If Western elites were asked to name the greatest crisis facing mankind, climate change would win in a walk.
Thus did Time magazine pass over every world leader to name a Swedish teenage climate activist, Greta Thunberg, its person of the year.
On it went, echoing the endless reports on the perils of climate change to the planet we all inhabit.
Yet, from the inaction of the carbon-emitting countries like India, China, Russia and the USA, the gravity with which Western elites view the crisis is not shared by the peoples for whom they profess to speak.
For many First World countries, there are more compelling concerns.
High among them is population decline, and, if birth rates do not rise, the near-extinction of many Western peoples by this century’s end.
The number of births in Japan fell in 2019 to a level unseen since 1874, around 900,000. But there were 1.4 million deaths for a net loss of 512,000 Japanese. An even larger loss in Japan’s population is expected this year.
Japan’s population has been shrinking since 2007, when deaths first exceeded births by 18,000. And with 28% of its population over 65, and fewer births every passing year, Japan is aging, shrinking and dying — with no respite in sight.
Across Japan, writes The New York Times:
South Korea has an even lower birth rate, and its population is expected to start diminishing this year.
But it is Eastern Europe where the population crisis is most advanced.
At the end of the Cold War, Bulgaria had 9 million people. By 2017, that had fallen to 7.1 million. In 2050, Bulgaria’s population is estimated at 5.4 million — a loss of 40% to death and migration since Bulgaria won its freedom from the Soviet Empire.
By 2050, Ukraine and Poland are each projected to lose another 6 million people, and Hungary will lose 1.5 million.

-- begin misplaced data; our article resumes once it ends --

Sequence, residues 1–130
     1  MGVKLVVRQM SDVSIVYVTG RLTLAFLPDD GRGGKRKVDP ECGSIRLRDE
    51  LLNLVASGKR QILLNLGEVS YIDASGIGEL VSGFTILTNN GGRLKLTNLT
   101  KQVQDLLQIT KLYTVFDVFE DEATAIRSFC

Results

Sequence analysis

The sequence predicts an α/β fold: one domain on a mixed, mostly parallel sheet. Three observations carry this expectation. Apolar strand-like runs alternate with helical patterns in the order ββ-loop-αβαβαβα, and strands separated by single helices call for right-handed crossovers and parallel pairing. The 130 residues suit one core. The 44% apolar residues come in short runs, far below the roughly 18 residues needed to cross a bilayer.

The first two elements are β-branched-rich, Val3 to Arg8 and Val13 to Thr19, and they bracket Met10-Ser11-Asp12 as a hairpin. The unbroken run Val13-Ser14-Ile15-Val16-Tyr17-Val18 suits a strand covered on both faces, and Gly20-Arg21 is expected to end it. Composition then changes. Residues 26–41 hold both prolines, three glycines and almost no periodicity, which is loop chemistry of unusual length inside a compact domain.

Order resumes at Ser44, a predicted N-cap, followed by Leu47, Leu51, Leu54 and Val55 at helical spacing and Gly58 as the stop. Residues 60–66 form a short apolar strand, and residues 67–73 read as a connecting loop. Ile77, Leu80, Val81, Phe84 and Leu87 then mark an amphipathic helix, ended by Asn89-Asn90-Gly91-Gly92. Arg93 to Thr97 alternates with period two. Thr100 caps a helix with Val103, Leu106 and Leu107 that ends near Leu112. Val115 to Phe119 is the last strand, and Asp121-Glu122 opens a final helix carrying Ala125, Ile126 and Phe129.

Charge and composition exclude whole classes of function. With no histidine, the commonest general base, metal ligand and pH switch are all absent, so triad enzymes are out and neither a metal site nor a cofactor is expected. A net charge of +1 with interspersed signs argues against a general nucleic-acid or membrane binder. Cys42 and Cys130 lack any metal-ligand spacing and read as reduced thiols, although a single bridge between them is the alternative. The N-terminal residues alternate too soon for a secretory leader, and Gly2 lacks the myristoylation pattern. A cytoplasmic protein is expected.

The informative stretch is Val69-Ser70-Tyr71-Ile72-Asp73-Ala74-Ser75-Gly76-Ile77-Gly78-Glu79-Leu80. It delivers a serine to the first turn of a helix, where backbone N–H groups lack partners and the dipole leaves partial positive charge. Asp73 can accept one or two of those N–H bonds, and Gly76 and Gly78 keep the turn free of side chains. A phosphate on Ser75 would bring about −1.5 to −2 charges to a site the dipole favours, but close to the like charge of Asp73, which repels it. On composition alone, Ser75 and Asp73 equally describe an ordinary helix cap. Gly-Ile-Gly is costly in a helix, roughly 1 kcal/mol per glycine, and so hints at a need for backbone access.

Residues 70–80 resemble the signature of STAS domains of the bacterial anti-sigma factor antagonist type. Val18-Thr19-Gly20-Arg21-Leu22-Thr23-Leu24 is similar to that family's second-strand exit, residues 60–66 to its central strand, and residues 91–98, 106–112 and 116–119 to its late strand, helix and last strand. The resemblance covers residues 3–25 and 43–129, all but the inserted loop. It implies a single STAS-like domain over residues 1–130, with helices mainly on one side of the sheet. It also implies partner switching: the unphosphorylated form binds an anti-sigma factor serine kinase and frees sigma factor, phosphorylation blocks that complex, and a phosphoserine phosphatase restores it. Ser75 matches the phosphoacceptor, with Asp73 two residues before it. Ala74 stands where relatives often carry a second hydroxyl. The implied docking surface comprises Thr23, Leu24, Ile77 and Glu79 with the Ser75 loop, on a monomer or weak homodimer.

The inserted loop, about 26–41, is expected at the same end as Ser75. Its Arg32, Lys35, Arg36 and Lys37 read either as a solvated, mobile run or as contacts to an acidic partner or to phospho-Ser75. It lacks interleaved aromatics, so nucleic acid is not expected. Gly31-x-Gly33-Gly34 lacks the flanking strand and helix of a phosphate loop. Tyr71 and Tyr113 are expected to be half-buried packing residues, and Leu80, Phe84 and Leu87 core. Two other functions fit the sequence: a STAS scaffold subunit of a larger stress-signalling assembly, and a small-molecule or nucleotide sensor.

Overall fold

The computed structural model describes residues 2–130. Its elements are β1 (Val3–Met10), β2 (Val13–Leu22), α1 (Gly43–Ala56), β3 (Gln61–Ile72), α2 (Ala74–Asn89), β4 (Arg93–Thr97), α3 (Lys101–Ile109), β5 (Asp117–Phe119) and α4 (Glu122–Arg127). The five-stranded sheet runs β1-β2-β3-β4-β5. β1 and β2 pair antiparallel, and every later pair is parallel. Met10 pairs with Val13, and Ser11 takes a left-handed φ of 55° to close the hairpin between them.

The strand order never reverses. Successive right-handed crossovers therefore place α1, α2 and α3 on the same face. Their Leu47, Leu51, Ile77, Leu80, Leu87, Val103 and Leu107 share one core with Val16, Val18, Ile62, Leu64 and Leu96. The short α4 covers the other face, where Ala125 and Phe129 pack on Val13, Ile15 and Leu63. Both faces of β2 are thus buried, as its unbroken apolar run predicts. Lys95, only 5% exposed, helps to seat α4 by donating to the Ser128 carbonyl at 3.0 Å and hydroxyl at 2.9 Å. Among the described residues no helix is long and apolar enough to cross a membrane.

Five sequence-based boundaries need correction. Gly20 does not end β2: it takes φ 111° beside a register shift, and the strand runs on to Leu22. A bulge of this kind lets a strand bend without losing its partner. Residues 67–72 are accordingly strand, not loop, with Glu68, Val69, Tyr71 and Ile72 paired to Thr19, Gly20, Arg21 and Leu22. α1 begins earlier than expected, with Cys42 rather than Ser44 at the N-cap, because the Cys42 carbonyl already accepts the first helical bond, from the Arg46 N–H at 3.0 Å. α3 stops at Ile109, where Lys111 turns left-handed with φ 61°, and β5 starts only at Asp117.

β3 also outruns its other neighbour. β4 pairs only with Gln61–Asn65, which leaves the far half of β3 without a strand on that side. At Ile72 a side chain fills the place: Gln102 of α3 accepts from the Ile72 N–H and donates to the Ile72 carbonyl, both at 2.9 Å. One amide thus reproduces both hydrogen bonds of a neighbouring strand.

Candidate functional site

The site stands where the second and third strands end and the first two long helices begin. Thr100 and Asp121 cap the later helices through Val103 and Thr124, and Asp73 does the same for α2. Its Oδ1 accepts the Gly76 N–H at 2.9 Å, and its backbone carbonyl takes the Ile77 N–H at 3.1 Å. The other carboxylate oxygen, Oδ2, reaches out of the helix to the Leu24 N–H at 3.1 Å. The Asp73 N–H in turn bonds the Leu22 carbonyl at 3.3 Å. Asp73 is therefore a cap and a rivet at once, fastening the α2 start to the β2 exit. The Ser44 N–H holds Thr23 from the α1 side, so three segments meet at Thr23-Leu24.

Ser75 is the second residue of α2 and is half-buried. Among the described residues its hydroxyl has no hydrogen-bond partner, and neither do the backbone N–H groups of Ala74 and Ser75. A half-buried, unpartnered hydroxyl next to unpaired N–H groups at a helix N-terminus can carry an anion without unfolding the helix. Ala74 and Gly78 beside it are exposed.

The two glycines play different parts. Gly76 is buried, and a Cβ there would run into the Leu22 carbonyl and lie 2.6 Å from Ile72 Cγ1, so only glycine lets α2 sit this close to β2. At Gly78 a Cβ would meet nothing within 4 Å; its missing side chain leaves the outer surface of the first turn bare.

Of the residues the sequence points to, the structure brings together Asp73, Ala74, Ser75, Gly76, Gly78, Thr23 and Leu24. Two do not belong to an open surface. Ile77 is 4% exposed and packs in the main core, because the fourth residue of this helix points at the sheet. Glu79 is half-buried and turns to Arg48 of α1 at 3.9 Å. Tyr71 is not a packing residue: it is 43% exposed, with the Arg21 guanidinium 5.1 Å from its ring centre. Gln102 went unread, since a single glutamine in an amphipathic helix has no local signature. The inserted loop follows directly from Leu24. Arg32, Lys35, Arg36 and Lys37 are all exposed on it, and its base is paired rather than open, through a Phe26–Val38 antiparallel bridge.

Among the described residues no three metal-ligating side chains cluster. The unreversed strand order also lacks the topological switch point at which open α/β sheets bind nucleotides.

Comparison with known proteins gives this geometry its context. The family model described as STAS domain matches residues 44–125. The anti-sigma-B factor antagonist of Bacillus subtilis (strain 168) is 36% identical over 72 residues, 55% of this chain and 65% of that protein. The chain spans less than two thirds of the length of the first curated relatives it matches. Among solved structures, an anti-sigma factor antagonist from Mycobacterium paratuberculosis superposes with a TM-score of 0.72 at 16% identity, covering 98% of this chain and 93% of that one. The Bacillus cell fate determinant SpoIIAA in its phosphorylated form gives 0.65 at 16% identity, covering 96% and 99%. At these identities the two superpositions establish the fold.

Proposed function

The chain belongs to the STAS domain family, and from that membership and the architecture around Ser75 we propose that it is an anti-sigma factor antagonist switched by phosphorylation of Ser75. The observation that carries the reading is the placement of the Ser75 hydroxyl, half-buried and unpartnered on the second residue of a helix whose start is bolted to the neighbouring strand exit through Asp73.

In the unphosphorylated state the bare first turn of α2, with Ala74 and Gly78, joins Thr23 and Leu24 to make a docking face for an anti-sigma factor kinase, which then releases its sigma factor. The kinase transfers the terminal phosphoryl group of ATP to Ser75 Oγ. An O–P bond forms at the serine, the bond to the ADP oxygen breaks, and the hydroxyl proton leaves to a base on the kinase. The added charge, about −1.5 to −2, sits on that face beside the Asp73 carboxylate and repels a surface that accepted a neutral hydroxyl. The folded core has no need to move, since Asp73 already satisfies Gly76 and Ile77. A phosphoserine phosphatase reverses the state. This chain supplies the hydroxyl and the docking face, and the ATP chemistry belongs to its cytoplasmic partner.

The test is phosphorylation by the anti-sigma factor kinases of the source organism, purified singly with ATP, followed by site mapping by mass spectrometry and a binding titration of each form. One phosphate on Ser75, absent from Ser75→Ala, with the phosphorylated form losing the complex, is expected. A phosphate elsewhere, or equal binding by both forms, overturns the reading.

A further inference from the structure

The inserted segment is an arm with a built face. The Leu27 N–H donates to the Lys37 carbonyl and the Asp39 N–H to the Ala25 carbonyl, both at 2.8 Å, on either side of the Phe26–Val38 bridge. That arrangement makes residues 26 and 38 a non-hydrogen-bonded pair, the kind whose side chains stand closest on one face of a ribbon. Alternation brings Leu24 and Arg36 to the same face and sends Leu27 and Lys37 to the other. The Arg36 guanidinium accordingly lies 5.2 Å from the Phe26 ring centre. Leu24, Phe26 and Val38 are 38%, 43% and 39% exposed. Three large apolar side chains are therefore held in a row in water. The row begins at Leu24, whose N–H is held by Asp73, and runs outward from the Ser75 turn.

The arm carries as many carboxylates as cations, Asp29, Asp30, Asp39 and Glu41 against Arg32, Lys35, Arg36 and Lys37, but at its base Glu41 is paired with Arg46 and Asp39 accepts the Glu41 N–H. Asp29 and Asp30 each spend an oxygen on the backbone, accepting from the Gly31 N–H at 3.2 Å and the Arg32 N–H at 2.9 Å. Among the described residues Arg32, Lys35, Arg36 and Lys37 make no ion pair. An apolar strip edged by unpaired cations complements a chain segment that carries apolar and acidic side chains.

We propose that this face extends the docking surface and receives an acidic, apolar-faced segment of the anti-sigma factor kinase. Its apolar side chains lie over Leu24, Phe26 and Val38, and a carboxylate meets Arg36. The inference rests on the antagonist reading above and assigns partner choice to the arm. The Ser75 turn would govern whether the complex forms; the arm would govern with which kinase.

Lithuania and Latvia have seen serious population losses since the end of the Cold War and are in the front rank of European nations losing people at the fastest rate.
U.N. demographers project Russia’s population may fall from 145 million today to 121 million by 2050. Such losses rival those that Russia suffered under Lenin, Stalin and World War II.
The Far East is home to some 6 million Russians who dwell on that vast tract that is so full of natural resources like timber, oil and gas.
In the Far East, Siberia and the Lake Baikal region, investors and workers from China are appearing in growing numbers.
The tribes of Europe, the peoples of almost every country of the Old Continent, are visibly aging, shrinking and dying. The population crisis of Europe is “existential,” says Croatian Prime Minister Andrej Plenkovic.
Since this writer published “The Death of the West,” nothing has happened to alter my conclusion as to where the West was destined:
We are talking here about what historians, a century hence, will call the Lost Tribes of Europe. And if a people has ceased to replace itself, and the national family is dying out, it is difficult to generate alarm over the slow sinking of the Maldives into the sea, the melting of the polar ice caps, or the fact that Greenland is getting greener every year.
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